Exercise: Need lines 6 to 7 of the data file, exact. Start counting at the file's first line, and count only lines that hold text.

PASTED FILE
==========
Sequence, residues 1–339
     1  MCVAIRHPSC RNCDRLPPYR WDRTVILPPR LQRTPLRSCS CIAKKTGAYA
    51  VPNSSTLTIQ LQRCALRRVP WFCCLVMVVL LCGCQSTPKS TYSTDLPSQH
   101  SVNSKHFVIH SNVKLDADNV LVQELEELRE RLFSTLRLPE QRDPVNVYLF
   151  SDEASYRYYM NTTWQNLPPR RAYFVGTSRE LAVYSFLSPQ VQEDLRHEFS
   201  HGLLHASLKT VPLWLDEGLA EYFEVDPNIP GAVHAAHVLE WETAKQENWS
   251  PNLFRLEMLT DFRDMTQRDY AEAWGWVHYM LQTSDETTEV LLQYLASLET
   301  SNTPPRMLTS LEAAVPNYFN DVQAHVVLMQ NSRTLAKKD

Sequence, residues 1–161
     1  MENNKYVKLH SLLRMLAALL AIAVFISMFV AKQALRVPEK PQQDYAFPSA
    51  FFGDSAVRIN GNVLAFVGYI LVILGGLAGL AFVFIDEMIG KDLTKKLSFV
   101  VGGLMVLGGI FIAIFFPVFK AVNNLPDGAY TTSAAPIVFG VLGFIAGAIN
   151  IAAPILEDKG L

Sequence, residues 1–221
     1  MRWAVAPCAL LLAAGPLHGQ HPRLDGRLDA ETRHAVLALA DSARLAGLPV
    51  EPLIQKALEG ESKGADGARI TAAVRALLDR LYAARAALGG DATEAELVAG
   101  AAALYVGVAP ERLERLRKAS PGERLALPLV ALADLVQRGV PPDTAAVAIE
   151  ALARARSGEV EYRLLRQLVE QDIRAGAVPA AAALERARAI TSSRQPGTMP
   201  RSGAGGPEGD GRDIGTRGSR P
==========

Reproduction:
   201  HGLLHASLKT VPLWLDEGLA EYFEVDPNIP GAVHAAHVLE WETAKQENWS
   251  PNLFRLEMLT DFRDMTQRDY AEAWGWVHYM LQTSDETTEV LLQYLASLET